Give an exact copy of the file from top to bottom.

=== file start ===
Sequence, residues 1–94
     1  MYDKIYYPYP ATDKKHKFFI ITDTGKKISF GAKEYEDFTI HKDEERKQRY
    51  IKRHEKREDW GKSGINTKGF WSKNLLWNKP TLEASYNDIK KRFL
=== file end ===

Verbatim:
Sequence, residues 1–94
     1  MYDKIYYPYP ATDKKHKFFI ITDTGKKISF GAKEYEDFTI HKDEERKQRY
    51  IKRHEKREDW GKSGINTKGF WSKNLLWNKP TLEASYNDIK KRFL